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The Killing Spree that Transfixed a Nation: Charles Starkweather and Caril Fugate, 1958

The Killing Spree that Transfixed a Nation: Charles Starkweather and Caril Fugate, 1958

In late January 1958, newsmen from across the West jammed the Converse County Courthouse as crowds of curious teenagers gathered outside [1] hoping to glimpse the notorious killer, Charles Starkweather. Starkweather and his girlfriend, Caril Ann Fugate, had been captured earlier that day east [2] of Douglas, Wyo. “The curious made a bedlam of the sheriff’s office” while phone circuits overloaded and frustrated reporters scrambled to reach their editors. [3]

The capture, after a high-speed shoot-out through downtown Douglas, brought to an end a murderous rampage that had claimed eleven lives, counting a victim  Starkweather had murdered two months earlier, and kept residents of Nebraska and the surrounding region in a state of panic for a full week.

starkweather1.jpgA serial killer was loose for the first time in the television age and no one knew where or when he might strike next. The seemingly random nature of Starkweather’s victims–young and old, male and female, rich and poor, acquaintances and strangers–added to the terror. The killing spree, apparently triggered by parental disapproval of a teenage romance, had spiraled dangerously out of control.

At 19 years old, Starkweather was “a swaggering good-for-nothing in blue jeans and a black motorcycle jacket.” A former garbage man known for yelling “go to hell” at strangers, [4] he was “stocky” and “well-built” but “small” at 5’5”. His normally red hair was now black with shoe polish. He wore rimless glasses [5] and black-and-white cowboy boots. [6] A James Dean wannabe, Starkweather was a rebel whose cause had devolved into instilling fear and dissipating his own smoldering rage.

After his capture, Starkweather told Lancaster County, Neb., Sheriff Merle Karnopp, “I always wanted to be a criminal but not this big a one.” [7] The “bandy-legged little gun toter,” [8] although “still defiant” [9] quickly confessed to the murders, even accepting responsibility for an additional victim: Robert Colvert, a 21-year-old gas station attendant recently discharged from the U.S. Navy, killed nearly two months earlier on Dec. 1, 1957. [10]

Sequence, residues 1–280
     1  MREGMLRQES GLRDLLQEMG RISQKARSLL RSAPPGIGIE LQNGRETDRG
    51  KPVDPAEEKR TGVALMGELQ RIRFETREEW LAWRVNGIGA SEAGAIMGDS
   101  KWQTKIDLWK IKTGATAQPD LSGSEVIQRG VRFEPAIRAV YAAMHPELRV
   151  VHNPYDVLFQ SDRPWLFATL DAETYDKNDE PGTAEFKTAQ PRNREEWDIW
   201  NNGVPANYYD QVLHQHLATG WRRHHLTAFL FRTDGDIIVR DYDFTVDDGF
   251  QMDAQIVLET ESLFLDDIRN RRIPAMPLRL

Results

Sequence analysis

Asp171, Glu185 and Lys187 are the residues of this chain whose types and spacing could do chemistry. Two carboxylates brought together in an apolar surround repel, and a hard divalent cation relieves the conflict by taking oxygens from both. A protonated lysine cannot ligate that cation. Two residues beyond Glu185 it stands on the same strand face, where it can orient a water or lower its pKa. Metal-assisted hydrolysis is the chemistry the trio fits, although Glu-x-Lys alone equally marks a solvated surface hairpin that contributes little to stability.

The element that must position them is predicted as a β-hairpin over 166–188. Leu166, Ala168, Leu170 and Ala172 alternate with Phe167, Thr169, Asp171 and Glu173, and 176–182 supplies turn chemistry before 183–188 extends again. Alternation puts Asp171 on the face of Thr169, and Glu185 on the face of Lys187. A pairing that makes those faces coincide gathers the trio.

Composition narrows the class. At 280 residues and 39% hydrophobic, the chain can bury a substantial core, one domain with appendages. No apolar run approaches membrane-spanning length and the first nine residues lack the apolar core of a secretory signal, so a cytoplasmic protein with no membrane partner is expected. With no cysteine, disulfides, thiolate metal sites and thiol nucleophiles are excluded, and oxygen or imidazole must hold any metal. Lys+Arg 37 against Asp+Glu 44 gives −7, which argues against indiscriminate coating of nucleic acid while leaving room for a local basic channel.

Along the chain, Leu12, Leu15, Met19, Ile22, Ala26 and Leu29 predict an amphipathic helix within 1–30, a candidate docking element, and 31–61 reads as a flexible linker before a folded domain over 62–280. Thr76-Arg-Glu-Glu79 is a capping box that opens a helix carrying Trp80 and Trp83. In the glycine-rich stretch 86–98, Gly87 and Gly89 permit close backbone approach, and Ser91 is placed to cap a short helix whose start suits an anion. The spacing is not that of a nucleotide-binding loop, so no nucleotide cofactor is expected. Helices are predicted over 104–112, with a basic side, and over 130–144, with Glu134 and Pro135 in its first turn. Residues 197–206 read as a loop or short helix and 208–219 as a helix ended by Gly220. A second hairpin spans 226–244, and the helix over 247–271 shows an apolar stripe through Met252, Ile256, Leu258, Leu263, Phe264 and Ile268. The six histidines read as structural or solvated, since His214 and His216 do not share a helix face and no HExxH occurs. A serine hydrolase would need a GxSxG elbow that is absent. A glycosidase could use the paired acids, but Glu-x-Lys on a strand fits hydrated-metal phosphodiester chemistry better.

The role of Starkweather’s companion, 14-year-old Caril Fugate, would be more controversial. Fugate maintained that, after dating Starkweather for several months, she had broken up with him on Sunday, Jan. 19. She also claimed that on Tuesday, Jan. 21, when she got home from school, the house was empty except for Starkweather who said that her family was being held captive and would be killed if she didn’t cooperate. By that time, however, Fugate’s stepfather, Marion Bartlett, her mother, Velda Bartlett and Caril’s 2-year-old half sister Betty Jean Bartlett were probably already dead and their bodies stowed in outbuildings on the property.

starkweather2.jpgFor the next six days, the couple stayed in the family’s Lincoln, Neb., home. Caril turned away all visitors, including her sister, grandmother, brother-in-law and Charlie’s brother, telling them her family was sick. She even posted a warning on the door: “Stay a way. Every body is sick with the flue. Miss Bartlett,” with Miss Bartlett underlined twice. Caril said that was her attempt to signal trouble since the home’s only “Miss Bartlett” was her 2-year-old sister. [11]

But when Caril’s grandmother threatened to summon the police, Charlie fled with Caril, driving 15 miles southeast to Bennet, Neb., where his friend August Meyer lived. The unsuspecting Meyer opened his door to the pair, even offering his horses to free their car bogged down in mud. But, as the 70-year-old Meyer led them to the stables, Starkweather pulled his shotgun and killed the old man. He then beat the old man’s dog to death, breaking his shotgun in the process. According to Fugate, the unexpected brutality and Charlie’s earlier threats convinced her that her only option was to obey Starkweather.

Later that night, 17-year-old Robert Jensen of Bennet and his 16-year-old girlfriend Carol King offered Charlie and Caril a ride, becoming the next victims. Starkweather brutally raped King, shot both King and Jensen, and left their bodies in a storm cellar.

After returning to Lincoln in Jensen’s car, Starkweather and Fugate drove to an upper middle-class neighborhood looking for a place to hide. C. Lauer Ward, a prominent local businessman, was the unfortunate homeowner they selected for sanctuary. The next day, Ward; his wife, Clara; and Lillian Fencil, their maid, were found dead. [12]